Scott Brockenshire

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Scott Brockenshire
150600 - Scott Brockenshire - 3a - 2000 Sydney media guide scan.jpg
2000 Australian Paralympic Team portrait of Brockenshire
Personal information
Nationality  Australia
Born (1969-03-01) 1 March 1969 (age 46)
Prahran, Victoria


Australian S10 swimmer Scott Brockenshire (centre) leaves the blocks at the 1996 Atlanta Paralympic Games

Scott Brockenshire (born 1 March 1969)[1] is an Australian Paralympic swimmer, who has won six medals at the 1996 Atlanta and 2000 Sydney Paralympics.

Biography[edit]

Brockenshire was born in the Melbourne suburb of Prahran and lives in the Northern Rivers of New South Wales.[1][2] He was born without a tibia and a shortened femur on his left leg, and at the age of eighteen months, his left foot was amputated.[3] He began swimming at the age of about ten to improve his fitness.[2] He won medals in able-bodied surf lifesaving competitions[3] and was the state surf ski champion in 1987.[1] He was inspired to take up competitive swimming after watching the events for people with disabilities at the 1994 Victoria Commonwealth Games in Canada.[2]

At the 1996 Atlanta Paralympics, he won a silver medal in the Men's 4x100 m Freestyle S7–10 event and two bronze medals in the Men's 100 m Butterfly S10 and Men's 50 m Freestyle S10 events.[4] In the final for the men's 4x100 m freestyle event, he was responsible for narrowing the British lead and keeping his relay team competitive.[5] At the 2000 Sydney Paralympics, he won a silver medal in the Men's 4x100 m Freestyle 34 pts event and two bronze medals in the Men's 100 m Butterfly S10 and Men's 100 m Freestyle S10 events.[4]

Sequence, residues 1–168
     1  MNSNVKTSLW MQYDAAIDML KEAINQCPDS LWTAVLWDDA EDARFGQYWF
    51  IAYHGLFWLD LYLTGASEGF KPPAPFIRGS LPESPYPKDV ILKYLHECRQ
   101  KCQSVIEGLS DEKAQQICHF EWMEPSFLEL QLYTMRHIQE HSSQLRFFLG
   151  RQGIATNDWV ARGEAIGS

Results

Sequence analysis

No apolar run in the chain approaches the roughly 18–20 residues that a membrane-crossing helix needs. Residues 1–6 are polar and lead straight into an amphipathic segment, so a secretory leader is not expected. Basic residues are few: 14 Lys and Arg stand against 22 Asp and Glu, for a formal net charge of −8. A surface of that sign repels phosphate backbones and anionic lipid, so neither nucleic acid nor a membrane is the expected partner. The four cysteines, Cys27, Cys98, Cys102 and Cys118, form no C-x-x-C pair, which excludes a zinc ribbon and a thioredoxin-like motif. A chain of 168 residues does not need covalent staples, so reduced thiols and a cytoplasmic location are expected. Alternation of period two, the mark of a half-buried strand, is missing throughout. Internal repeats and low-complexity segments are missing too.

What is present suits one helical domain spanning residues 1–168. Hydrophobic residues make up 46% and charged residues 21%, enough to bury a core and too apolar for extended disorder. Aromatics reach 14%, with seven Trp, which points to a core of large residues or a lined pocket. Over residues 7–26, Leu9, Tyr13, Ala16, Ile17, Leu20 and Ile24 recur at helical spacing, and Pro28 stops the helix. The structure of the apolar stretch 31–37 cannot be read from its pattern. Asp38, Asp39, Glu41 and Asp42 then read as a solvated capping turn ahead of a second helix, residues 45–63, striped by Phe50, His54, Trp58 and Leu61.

Brockenshire inspired New Zealand Paralympian Steven Yates to take up disabled sport.[6]

He worked in Ballina, New South Wales as the manager of a gym.[6]

References[edit]

  1. ^ a b c "Australians at the 1996 Atlanta Paralympics: Swimming". Australian Sports Commission. Archived from the original on 20 January 2000. 
  2. ^ a b c "Australia Day in Guyra Shire". The Guyra Argus. 25 January 2010. Retrieved 18 May 2012. 
  3. ^ a b "One Hundred Percent" (YouTube video). Queensland University of Technology. 2 June 2011. Retrieved 18 May 2012. 
  4. ^ a b "Athlete Search Results". International Paralympic Committee. Retrieved 18 May 2012. 
  5. ^ Long, Giles (2010). Changing to win : an incredible story of courage and a template for success. London, United Kingdom: Piatkus. p. 130. ISBN 978-0-7481-1804-5. Retrieved 18 May 2012. 
  6. ^ a b "Steven's golden Paralympics". University of Technology, Sydney. 7 April 2003. Retrieved 4 November 2011.